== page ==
EY Item Club: Scottish economy faces 'slow growth'
The Scottish economy, and particularly manufacturing, faces slow growth this year, even without a "no deal Brexit", according to a new economic assessment.
The EY Item Club Scotland forecasts that output will improve only slightly in the following years.
It says the rise is likely to be slower than the UK as a whole, due to the slowdown of migration into Scotland.
But it says forecast growth in output of only 1% this year would be better than the risk of a "no deal Brexit".
That would mean an "immediate, real and adverse" impact on exports, and probably on the prices and availability of imports.
It says a further fall in the value of the pound would raise inflation, as import prices rise.
On items such as food, that would squeeze household incomes, and it is anticipated there could be job losses.
It could also lead to the Bank of England raising interest rates more than borrowers have anticipated, in order to prop up the currency and limit the damage from devaluation.
The possibility that a weaker pound could make British-made goods and services more competitive is not seen as a balance to the harm done, particularly if British exports face new tariff barriers.
The report states: "Business and possibly consumer confidence would remain weak, with the former adversely affecting investment, and both damaging sales.
"The consequence would be slower productivity growth, with the danger that this locks the UK and hence Scotland, into a slow-growth trajectory over the medium to long term."
Responding to the pro-Brexit argument that the 2016 referendum did not lead to the feared fall in sterling and harm to the economy, the EY Item Club update argues that the vote did not directly change anything, whereas a shift to World Trade Organisation trading rules - the basic trade agreement used by only a few countries - would have an impact.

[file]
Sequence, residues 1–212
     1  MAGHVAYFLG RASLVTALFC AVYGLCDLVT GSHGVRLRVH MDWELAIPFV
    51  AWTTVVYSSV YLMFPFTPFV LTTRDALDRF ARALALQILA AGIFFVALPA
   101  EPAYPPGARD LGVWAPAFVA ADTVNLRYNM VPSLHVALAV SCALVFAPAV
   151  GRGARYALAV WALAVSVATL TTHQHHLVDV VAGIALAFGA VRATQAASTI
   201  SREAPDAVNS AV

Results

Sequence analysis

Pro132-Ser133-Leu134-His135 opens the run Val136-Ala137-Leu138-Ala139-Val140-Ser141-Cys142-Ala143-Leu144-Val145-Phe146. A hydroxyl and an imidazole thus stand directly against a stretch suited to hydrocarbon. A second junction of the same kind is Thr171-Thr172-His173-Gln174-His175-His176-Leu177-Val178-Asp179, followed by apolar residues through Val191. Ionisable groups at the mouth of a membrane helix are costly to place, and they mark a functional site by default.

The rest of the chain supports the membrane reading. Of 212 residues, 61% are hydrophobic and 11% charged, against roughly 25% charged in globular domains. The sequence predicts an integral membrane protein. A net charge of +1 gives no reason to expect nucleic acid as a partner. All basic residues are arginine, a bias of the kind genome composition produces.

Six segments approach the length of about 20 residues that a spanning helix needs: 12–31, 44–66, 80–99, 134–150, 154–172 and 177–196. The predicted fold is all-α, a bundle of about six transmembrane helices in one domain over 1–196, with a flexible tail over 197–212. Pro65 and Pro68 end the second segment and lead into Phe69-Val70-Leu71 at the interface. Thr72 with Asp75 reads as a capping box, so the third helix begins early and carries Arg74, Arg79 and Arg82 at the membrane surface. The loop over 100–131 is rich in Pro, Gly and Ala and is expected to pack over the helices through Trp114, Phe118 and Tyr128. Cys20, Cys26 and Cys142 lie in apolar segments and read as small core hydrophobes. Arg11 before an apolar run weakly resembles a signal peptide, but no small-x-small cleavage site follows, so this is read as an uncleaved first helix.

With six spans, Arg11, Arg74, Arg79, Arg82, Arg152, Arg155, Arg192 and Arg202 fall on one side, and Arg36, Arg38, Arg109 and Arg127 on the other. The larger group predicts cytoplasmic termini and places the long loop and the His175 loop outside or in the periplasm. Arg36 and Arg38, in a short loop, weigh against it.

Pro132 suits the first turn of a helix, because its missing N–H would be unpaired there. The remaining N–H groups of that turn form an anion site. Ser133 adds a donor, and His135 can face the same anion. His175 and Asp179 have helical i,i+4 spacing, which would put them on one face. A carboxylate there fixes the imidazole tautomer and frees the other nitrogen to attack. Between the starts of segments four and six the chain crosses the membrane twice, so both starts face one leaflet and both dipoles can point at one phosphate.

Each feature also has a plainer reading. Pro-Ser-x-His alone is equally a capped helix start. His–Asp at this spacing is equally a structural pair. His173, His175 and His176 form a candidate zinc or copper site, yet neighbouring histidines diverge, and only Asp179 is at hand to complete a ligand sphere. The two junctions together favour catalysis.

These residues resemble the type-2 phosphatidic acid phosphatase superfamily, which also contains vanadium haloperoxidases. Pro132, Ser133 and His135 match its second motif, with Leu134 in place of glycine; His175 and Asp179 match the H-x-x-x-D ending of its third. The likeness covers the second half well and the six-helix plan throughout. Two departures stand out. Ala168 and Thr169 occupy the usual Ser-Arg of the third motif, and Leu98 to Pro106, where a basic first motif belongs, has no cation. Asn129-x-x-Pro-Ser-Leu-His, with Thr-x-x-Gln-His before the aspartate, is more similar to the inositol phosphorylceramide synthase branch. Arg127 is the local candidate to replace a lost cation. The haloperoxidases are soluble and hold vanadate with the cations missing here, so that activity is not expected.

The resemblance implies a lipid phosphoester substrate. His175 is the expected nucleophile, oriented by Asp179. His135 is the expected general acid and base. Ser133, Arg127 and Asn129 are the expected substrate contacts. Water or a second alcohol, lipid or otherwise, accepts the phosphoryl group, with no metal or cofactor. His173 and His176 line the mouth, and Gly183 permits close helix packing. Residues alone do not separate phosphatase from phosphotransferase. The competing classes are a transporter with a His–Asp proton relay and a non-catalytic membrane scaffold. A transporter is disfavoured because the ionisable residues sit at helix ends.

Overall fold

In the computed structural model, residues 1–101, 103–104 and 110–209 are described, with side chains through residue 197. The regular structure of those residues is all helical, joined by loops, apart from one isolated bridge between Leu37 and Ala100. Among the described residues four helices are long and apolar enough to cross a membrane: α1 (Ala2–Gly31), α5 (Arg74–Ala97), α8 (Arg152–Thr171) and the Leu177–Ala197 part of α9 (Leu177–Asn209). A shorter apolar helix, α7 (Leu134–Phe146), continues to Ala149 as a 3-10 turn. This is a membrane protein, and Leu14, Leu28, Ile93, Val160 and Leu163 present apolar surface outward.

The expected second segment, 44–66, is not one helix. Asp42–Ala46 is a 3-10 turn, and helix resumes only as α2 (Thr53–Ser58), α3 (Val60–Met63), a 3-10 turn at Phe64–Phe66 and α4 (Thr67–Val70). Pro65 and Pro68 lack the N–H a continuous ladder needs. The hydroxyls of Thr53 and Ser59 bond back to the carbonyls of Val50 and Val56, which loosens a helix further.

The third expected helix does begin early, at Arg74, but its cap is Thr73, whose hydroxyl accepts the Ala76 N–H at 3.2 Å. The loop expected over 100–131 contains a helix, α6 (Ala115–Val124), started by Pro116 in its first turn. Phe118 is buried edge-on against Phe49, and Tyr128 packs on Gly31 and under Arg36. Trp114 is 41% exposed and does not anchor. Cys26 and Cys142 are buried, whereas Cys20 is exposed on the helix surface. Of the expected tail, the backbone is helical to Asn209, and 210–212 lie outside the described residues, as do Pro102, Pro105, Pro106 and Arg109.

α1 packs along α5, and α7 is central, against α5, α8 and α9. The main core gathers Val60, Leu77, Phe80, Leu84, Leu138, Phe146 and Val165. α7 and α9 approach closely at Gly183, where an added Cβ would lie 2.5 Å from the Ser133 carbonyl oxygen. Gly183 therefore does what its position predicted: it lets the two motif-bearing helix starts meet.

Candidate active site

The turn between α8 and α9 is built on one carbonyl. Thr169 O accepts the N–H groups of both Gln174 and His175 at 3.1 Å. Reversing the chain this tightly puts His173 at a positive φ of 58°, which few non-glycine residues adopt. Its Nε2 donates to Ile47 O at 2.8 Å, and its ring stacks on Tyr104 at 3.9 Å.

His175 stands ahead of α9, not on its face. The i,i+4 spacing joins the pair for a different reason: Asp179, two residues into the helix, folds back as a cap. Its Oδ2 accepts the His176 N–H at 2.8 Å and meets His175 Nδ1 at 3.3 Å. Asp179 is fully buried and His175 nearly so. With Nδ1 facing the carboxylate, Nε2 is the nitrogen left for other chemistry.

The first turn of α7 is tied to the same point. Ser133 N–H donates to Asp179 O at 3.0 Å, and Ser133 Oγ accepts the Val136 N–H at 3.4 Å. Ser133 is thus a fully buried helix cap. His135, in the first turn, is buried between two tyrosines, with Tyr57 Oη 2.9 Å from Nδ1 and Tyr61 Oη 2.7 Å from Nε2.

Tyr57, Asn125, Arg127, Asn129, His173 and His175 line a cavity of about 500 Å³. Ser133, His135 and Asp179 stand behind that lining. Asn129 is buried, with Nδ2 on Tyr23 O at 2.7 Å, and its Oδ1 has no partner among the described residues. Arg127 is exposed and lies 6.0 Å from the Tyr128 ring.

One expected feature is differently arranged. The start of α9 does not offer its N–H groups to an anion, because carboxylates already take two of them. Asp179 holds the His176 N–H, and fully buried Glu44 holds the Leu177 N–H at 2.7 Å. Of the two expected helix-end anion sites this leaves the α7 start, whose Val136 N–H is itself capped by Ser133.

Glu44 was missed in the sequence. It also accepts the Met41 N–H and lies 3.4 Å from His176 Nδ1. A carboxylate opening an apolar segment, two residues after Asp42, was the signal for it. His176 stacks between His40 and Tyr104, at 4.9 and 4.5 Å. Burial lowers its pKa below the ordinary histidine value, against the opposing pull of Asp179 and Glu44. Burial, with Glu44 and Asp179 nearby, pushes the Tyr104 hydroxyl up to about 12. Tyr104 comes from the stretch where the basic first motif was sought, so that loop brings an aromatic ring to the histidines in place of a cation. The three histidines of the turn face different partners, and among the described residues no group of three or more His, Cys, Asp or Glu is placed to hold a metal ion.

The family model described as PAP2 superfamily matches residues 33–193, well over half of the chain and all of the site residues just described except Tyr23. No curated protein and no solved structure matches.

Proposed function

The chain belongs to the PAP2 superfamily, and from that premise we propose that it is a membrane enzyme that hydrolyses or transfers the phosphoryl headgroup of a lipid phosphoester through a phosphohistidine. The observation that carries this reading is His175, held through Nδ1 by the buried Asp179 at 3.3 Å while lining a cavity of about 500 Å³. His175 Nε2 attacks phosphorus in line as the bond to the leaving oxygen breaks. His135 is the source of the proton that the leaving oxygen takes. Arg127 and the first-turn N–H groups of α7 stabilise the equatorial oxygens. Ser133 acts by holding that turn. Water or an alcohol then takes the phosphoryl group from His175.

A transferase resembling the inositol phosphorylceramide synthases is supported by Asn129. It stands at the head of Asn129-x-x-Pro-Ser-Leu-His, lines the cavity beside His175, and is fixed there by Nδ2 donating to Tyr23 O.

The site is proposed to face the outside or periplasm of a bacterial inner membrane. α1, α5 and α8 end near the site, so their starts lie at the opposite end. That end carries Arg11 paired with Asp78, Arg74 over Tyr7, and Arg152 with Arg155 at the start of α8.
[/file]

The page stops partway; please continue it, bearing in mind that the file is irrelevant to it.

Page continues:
The main part of the EY Item club update for summer 2019 assumes that there is not a no-deal Brexit. It reflects the uncertainty of not knowing how and when Brexit will take place, and also concerns about the wider, global economy.
On that basis, its 1% growth forecast for the Scottish economy is a decline from 1.3% in 2018.
Scotland's growth has been below 1% in six of the past 10 years, and has averaged a very poor 0.7% during that time.
The forecast reckons there will be no growth in manufacturing, except for food and drink. The production sector was a stronger element in the Scottish economy last year.
Finance and insurance is expected to see a decline in output this year, in line with the UK as a whole.
Retail and wholesale businesses could see growth, but that would be with continued downward pressure on prices and margins, competition from online retailers and rising costs.
Next year is forecast to have growth in the non-oil economy of 1.3%, then 1.6% in both of the following two years. Manufacturing is seen as continuing to grow at a slower pace than the rest of the economy.
The sectors doing best will be information and communication, the professional, science and technical jobs and in business support services, say the economists. A similar pattern is seen around advanced economies, as these sectors are globally integrated.
Consumer spending is expected to slow, as borrowing is pulled back. With a tight labour market, pay is expected to rise further above price inflation.
The managing partner of EY Scotland, Ally Scott, commented on the latest forecasts: "Scottish consumer confidence and business sentiment are expected to weaken this year, with the global economy and Brexit uncertainty major causes.
"Even if a Brexit deal is agreed in the coming months, difficult trade negotiations are likely to follow.
"This, combined with other global worries, means that Scottish companies are likely to remain very cautious in their investment and employment decisions."